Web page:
Anime and Bullying: Adolescent Otaku Dealing With Bullies

I recently uploaded an app called “Anime Amino.”  It’s a social community for anime fans – mostly teens and mostly those who enjoy Black Butler, Fairy Tail, Naruto, and the like.  To engage the community, I asked this question in the discussion section:

Have you ever been bullied for being an otaku?

I didn’t intend to share the results anywhere in particular (you’ll note that the responses and questions aren’t really set up survey-style), but the response was so great that I thought I’d share.  Part my work has to do with bullying, as well, and I believe the topic of bullying has an important association with Christian life.

As of the writing of this post, 101 individuals responded to the question posed.  Most (90) were teenagers, with a few younger than 13 and a few older than 19.  About 2/3 were female.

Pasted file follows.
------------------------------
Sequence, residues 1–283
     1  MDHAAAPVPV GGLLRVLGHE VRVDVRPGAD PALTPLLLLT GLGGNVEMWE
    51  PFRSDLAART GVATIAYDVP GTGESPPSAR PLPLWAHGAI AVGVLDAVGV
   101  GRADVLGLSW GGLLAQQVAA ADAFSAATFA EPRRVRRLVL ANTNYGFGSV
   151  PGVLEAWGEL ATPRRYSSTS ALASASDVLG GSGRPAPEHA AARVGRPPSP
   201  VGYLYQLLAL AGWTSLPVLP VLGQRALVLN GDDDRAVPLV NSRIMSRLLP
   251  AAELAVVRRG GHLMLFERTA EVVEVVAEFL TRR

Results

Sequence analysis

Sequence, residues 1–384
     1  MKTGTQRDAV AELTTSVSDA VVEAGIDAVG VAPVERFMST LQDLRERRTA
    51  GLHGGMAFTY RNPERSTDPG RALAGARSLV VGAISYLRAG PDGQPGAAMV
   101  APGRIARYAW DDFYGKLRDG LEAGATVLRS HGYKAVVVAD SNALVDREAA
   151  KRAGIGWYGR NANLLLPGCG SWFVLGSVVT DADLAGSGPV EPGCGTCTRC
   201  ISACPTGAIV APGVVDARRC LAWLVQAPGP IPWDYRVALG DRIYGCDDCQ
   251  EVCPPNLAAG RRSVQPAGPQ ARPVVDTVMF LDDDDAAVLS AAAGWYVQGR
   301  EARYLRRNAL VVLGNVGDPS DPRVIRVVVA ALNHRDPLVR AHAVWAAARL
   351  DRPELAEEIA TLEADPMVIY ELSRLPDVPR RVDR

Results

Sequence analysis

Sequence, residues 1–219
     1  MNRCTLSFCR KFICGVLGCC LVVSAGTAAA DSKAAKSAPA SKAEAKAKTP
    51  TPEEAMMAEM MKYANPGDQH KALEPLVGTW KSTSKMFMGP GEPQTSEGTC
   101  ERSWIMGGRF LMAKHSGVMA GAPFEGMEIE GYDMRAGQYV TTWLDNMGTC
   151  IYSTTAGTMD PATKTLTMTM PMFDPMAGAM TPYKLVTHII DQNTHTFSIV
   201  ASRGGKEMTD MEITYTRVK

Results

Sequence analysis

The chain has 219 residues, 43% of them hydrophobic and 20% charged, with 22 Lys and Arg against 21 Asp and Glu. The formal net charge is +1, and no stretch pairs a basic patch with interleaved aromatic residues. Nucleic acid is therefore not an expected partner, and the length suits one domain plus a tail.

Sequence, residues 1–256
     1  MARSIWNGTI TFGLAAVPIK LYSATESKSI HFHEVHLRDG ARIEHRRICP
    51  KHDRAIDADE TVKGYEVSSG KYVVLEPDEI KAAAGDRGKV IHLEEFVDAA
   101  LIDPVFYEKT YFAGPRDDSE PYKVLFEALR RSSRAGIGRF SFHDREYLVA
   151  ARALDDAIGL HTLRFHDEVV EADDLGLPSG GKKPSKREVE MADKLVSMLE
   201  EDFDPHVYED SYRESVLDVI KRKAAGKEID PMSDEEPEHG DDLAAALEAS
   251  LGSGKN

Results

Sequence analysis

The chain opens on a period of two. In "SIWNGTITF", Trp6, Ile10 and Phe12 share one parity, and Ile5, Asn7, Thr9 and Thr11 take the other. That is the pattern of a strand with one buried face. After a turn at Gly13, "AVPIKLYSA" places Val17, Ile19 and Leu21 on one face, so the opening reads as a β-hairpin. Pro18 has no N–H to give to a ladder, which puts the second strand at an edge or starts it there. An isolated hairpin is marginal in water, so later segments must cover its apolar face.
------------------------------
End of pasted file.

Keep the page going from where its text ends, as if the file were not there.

When I posted this question, I was hoping for a smattering of soulful responses.  Instead, I got way more responses than I anticipated, but only a few serious, detailed ones, which was perhaps more in line with what I should have expected.  Still, it was great to get so much feedback – about half of the respondents, 49, said they had been bullied.  I determined that of those, 20 were almost certainly bullied, according to the definition of the term; 2 were not and 27 were undetermined.

Here’s a good definition of bullying:

Bullying is unwanted, aggressive behavior among school aged children that involves a real or perceived power imbalance. The behavior is repeated, or has the potential to be repeated, over time.